Which courts are driving legal integration in the EU?

It has long been believed that judges at the lower echelons of the judiciary are the drivers of legal integration in the EU. Yet, Arthur Dyevre and Monika Glavina demonstrate in this blogpost that this is not what the data says, drawing on a new study by Arthur Dyevre, Monika Glavina and Angelina Atanasova. Their analysis of the entirety of preliminary references submitted by domestic courts from 1961 to 2017 demonstrates that although first instance courts did pioneer the preliminary ruling procedure in the early years of European legal integration, they have been overtaken by peak courts, which now dominate the formal interlocutory procedure. In fact, a relatively small club of apex courts accounts for the lion’s share of references submitted to the European Court of Justice. Continue reading “Which courts are driving legal integration in the EU?”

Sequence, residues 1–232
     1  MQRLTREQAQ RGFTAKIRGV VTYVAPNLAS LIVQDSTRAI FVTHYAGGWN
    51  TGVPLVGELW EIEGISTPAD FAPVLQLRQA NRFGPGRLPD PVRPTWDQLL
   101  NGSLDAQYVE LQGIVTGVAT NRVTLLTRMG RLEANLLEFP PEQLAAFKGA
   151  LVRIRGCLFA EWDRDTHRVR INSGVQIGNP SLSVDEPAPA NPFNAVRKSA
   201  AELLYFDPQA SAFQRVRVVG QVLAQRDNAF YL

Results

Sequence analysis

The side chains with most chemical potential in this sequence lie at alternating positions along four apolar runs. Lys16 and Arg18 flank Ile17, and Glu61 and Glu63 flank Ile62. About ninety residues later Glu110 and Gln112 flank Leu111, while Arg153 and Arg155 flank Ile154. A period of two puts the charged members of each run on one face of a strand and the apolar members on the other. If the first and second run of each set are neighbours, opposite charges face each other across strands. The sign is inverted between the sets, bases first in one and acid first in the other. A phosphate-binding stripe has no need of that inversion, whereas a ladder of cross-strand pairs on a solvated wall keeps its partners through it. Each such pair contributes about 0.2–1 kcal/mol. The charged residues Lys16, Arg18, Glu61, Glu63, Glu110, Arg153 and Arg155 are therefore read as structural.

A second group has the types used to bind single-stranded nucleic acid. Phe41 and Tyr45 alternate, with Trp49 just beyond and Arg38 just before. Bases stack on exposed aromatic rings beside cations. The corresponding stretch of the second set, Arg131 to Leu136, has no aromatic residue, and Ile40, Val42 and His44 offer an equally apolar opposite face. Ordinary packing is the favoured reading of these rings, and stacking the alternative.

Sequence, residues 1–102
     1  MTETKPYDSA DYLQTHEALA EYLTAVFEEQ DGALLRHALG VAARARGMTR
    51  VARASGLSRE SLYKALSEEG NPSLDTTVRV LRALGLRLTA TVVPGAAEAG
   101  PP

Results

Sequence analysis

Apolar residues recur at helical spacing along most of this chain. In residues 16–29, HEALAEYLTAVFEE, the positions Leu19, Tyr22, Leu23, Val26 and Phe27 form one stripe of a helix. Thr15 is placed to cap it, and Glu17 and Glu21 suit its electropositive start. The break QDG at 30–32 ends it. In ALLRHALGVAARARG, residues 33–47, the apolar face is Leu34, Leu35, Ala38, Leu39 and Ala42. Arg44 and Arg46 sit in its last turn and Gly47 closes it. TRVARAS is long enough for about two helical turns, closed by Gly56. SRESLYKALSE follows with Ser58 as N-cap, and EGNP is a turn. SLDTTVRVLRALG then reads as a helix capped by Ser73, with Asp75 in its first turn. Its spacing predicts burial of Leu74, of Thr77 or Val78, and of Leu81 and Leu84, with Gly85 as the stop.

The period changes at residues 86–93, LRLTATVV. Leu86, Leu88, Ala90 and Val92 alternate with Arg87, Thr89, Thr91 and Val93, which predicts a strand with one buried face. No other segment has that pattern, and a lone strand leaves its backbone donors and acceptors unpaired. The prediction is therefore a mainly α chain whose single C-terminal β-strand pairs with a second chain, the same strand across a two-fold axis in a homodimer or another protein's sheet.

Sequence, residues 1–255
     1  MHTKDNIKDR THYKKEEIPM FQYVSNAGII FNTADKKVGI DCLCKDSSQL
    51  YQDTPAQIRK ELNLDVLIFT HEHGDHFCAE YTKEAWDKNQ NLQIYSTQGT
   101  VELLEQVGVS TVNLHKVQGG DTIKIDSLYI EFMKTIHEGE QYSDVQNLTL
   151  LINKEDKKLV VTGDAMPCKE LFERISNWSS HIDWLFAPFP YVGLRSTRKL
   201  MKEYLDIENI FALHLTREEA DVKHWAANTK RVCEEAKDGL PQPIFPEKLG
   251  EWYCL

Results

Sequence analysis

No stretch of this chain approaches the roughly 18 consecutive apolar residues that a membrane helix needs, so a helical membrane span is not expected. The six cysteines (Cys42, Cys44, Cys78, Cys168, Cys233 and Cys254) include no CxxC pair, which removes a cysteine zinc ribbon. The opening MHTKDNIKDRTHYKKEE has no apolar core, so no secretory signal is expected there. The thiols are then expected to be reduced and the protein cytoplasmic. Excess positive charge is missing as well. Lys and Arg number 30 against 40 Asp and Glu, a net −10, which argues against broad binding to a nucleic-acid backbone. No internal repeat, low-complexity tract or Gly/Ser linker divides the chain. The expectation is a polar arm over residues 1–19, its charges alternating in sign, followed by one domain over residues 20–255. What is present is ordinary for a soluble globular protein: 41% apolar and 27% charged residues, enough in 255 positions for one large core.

To refer or not to refer, that is the (preliminary) question. Why Member States’ judges do not participate in the preliminary ruling procedure

Over the last three decades, the EU preliminary ruling procedure has inspired a colossal amount of research. Despite all the work done on Article 267 TFEU, we still know very little about the motives driving individual judges to submit legal questions to the Court of Justice of the European Union (CJEU). This is mainly because the research on the preliminary ruling procedure has focused too narrowly on country-level data, neglecting the fact that preliminary questions are neither the products of Member States’ governments nor the products of courts, but rather of individual judges. Continue reading “To refer or not to refer, that is the (preliminary) question. Why Member States’ judges do not participate in the preliminary ruling procedure”